Biotech Roundup: FDA Culpa, Tricida Trips, Freenome’s Funding & More

Xconomy National — 

Among the casualties of the COVID-19 pandemic: the credibility of government agencies entrusted with protecting public health.

The FDA this week granted emergency use authorization for convalescent plasma as a treatment for infection by the novel coronavirus. FDA Commissioner Stephen Hahn and Department of Health and Human Services Secretary Alez Azar both misrepresented the magnitude of benefit shown in the clinical data used to justify the decision. Public health officials have said more rigorous testing is needed to understand just how useful the treatment could be.

Hahn tried to walk back some of his comments but the FDA wasn’t the only agency called into question this week. The Centers for Disease Control and Prevention revised coronavirus testing guidelines to state that asymptomatic patients don’t need to be tested even if they’ve had contact with an infected person. The change drew widespread public health criticism for essentially defeating contract tracing. Some former government officials say public health matters are becoming unnecessarily politicized. That matters because as COVID-19 therapies and vaccines face regulatory review in the coming months, the public needs to be able to trust that the decision to approve or reject them are rooted in sound science, not hype.

In other news this week the drumbeat of biotech dealmaking continued and a parade of life science companies continued their march toward the public markets. Let’s get to those stories and more in this week’s roundup.


Freenome added $270 million to its coffers for an ongoing registrational trial of its blood test for detecting colorectal cancer and its efforts to develop similar tests for other forms of cancer.

—San Diego’s Kinnate Biopharma raised a $98 million Series C round to advance to clinical tests of its lead drug candidates, which are intended to treat cancers with specific genetic signatures.

—Kronos Bio raised $155 million in a financing led by Perceptive Advisors. The San Mateo, CA-based biotech says it will use the cash to advance development of a spleen tyrosine kinase inhibitor, which was acquired from Gilead Sciences (NASDAQ: GILD) last month.

—UK-based ReViral, an antiviral therapies developer, raised $44 million in Series C financing to support Phase 2 tests of sisunatovir, a potential treatment for respiratory syncytial viral infection.

—Triumvira Immunologics, an Austin, TX-based biotech developing technology for engineering T-cells that fight cancer, raised $55 million in a Series A financing led by Leaps by Bayer and Northpond Ventures.

—Bayer led another financing round for digital health company One Drop, which closed the $34.7 million funding and said it would work with the German biopharma to develop tools for managing conditions in the larger company’s areas of interest.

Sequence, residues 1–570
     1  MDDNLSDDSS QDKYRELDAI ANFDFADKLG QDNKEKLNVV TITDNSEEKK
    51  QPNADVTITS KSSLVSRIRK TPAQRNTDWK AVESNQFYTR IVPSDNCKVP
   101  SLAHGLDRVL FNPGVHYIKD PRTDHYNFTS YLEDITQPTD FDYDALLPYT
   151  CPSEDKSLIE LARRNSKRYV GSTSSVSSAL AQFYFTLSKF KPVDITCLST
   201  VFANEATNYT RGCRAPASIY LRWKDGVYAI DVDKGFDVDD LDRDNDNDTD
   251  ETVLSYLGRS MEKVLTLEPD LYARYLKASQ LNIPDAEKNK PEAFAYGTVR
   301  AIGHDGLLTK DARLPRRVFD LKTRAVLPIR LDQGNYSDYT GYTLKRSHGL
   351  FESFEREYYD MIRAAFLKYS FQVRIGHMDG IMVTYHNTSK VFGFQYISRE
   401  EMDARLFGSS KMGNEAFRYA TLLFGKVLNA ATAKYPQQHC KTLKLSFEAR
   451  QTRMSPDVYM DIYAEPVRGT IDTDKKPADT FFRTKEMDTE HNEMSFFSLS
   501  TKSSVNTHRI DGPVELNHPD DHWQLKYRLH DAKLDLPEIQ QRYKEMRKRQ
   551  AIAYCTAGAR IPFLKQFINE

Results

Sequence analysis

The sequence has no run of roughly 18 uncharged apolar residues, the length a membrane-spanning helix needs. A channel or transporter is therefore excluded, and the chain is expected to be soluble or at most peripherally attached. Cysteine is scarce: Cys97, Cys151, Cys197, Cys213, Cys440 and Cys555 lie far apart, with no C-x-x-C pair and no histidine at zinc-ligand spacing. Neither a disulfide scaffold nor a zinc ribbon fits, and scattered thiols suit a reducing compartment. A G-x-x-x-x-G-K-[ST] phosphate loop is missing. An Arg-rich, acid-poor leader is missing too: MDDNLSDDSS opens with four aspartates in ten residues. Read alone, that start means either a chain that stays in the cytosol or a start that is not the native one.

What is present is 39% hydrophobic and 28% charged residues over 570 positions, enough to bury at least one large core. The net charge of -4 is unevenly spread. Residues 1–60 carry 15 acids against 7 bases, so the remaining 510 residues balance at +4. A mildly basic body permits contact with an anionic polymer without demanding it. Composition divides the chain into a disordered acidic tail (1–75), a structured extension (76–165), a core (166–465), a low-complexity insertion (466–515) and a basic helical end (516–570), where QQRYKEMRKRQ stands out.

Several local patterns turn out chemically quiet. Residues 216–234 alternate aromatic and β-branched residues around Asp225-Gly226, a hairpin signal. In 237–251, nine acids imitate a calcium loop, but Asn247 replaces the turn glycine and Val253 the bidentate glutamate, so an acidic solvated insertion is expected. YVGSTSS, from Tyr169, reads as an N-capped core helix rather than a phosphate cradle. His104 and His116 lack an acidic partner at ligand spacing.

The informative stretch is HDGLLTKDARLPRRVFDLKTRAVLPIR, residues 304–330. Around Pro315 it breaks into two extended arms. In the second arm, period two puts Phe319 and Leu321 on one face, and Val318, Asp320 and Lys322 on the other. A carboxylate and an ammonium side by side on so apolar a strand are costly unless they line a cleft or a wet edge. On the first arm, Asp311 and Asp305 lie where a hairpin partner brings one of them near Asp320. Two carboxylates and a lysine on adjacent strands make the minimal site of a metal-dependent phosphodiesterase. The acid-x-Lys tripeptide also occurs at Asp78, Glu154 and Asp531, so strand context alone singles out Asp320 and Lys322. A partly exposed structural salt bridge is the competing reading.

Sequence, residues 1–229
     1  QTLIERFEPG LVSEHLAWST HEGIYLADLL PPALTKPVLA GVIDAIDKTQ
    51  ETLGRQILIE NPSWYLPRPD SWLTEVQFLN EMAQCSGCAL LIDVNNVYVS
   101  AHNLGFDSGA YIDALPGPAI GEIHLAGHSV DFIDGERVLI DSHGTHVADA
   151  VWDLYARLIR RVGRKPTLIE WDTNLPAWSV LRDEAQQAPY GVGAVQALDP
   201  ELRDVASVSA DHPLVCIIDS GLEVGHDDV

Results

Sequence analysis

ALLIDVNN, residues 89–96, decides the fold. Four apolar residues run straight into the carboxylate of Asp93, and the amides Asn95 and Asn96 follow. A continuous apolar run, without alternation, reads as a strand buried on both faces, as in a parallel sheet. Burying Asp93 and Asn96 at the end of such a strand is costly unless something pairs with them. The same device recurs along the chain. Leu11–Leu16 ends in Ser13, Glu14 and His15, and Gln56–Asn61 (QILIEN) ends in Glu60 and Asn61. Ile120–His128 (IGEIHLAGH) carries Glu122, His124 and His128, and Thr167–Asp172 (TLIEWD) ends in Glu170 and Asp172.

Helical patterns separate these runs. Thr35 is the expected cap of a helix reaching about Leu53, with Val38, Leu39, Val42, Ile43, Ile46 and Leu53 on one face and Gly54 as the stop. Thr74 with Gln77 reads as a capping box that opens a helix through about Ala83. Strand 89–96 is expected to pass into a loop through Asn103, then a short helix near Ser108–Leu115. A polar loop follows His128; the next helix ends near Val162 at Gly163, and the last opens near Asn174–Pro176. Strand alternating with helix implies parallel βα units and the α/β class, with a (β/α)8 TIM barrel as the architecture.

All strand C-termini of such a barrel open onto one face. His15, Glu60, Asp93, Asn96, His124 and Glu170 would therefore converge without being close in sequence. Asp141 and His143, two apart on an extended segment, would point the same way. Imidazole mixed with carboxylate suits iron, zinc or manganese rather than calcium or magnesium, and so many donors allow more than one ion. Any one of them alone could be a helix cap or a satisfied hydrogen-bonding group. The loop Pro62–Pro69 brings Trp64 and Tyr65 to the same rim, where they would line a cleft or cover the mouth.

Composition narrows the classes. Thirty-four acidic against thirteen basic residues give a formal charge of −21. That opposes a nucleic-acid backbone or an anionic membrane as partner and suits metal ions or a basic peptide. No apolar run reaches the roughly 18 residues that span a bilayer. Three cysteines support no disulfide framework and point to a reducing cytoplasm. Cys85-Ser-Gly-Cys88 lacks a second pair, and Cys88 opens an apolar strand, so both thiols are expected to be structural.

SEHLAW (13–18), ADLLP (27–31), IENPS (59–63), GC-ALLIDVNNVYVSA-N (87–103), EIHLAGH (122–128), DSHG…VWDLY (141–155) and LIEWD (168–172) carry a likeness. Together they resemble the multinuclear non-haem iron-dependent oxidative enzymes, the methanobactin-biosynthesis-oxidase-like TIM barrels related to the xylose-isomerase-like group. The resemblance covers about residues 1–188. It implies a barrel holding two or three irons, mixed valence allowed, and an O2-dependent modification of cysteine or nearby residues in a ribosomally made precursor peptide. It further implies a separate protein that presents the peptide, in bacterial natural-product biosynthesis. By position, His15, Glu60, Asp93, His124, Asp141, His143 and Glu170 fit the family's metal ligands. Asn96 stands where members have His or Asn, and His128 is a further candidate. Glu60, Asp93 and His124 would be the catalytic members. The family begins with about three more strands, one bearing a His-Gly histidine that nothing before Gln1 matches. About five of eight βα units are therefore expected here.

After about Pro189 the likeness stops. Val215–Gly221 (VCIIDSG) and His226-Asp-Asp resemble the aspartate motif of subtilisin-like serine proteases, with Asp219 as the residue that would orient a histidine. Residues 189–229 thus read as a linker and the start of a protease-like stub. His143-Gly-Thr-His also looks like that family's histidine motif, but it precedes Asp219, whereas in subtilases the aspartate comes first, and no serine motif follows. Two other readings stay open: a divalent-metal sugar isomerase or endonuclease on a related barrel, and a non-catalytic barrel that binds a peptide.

—Salt Lake City-based Clene Nanomedicine raised a $42.5 million Series D round to advance its lead program, CNM-Au8, through a Phase 3 study in patients with amyotrophic lateral sclerosis and mid-stage clinical trials to address progressive neurologic impairment in a range of neurodegenerative diseases.


—Astellas Pharma subsidiary Audentes Therapeutics disclosed a third patient death in a clinical trial testing its gene therapy for a rare neuromuscular disorder. The FDA placed a clinical hold on the pivotal study after the first two patient deaths were reported in June.

—A research partnership that Morphic Therapeutic (NASDAQ: MORF) and AbbVie struck up in 2018 is advancing its first fibrosis drug candidate. AbbVie is paying a $20 million license fee for the Morphic small molecule and could owe more in milestone payments pegged to its progress.

—Onconova Therapeutics (NASDAQ: ONTX) reported that its experimental drug rigosertib failed a pivotal study in myelodysplastic syndromes.

—Bristol Myers Squibb (NASDAQ: BMY) reported that its drug enasidenib (Idhifa) failed a Phase 3 study testing it in relapsed or difficult-to-treat acute myeloid leukemia (AML). The drug, which came to the pharmaceutical giant via its Celgene acquisition, was approved in 2017 for treating AML that has a particular genetic mutation.

—Teva Pharmaceutical (NYSE: TEVA) is now the seventh generic drug maker that the US Department of Justice has charged with price fixing. The company rejected the allegations and said it would defend itself in court.


—AbbVie’s Botox, along with with technology from Urogen (NASDAQ: URGN) for overactive bladder, failed a Phase 2 trial assessing the treatment combination as a way to reduce episodes of urinary incontinence.

—Soticlestat, an investigational drug being developed by Takeda Pharmaceutical (NYSE: TAK) and Ovid Therapeutics for children with rare forms of epilepsy, met the goal of a Phase 2 study, reducing the frequency of patients’ seizures. The companies now plan to start a Phase 3 trial for the form known as Dravet syndrome.